Public Documents Printed by Order of the Senate of the United States, During the Second Session of the Twenty-Sixth Congress Begun and Held at the City of Washington, December 1, 1840, and in the Sixty-Fifht Year of the Independence of

Public Documents Printed by Order of the Senate of the United States, During the Second Session of the Twenty-Sixth Congress Begun and Held at the City of Washington, December 1, 1840, and in the Sixty-Fifht Year of the Independence of

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This historic book may have numerous typos and missing text. Purchasers can download a free scanned copy of the original book (without typos) from the publisher. Not indexed. Not illustrated. 1841 edition. Excerpt: ... Indians living on the Mississippi assembled, last spring, - organize for removal, at their own special request permission was granted to make another crop at their old fields. The bands from the Wiskonsm would, of conrse, disincline to prosecute their journey, leaving so great a portion of their people behind. They were also permitted to remain on the west bank ol the Mississippi till fall, when it was understood all would emigrate together, beyond the limits of the twenty miles ceded to the United States in the treaty of 1837. It is to be regretted that these Indians now insist on remaining in their present position, pretending to consider their emigration as complete. It is inferred, however, that sucli is not the view of the department; as I have been recently instructed to " prepare and forward estimates of the probable cost of their entire removal." I am also informed, by the Commissioner of Indian Affairs, in a letter under date 13th May last, that " the only location. the Winnebagoes have any right to, or can, under the treaty of 1837, be placed upon, is the tract of land that lies between a line twenty miles west of the Mississippi river, and a line running with the eastern branch of the Red Cedar river, extending, in either case, across the Neutral Ground." This accords with my own opinion, which had been expressed to the Indians previous to the arrival of this advice. They, however, (particularly those from Kort Winnebago, ) seem to become more and more reluctant to leave the Mississippi, as the stipulated time for doing so approaches; and 1 have no doubt but the influence of troops will be again necessary to put ihcm in motion, as well as to confine them to their proper country after having been placed there....show more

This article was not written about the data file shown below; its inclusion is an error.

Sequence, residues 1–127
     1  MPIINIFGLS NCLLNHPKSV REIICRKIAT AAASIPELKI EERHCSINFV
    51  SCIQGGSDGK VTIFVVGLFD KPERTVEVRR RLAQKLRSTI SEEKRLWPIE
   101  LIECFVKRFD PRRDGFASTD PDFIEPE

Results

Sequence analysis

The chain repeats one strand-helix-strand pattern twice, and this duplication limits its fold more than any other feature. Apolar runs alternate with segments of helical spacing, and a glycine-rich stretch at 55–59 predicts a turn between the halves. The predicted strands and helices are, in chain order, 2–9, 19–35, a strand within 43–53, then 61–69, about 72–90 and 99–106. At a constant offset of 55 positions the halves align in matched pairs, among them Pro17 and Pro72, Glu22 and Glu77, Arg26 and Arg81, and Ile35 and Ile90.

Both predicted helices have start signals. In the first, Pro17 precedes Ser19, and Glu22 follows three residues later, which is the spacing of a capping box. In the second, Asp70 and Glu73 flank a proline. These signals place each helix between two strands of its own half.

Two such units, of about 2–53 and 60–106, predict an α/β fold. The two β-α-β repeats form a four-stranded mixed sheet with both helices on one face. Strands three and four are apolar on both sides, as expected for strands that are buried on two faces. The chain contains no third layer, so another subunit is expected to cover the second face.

Product details

  • Paperback | 288 pages
  • 189 x 246 x 15mm | 517g
  • Rarebooksclub.com
  • Miami Fl, United States
  • English
  • black & white illustrations
  • 1236634527
  • 9781236634528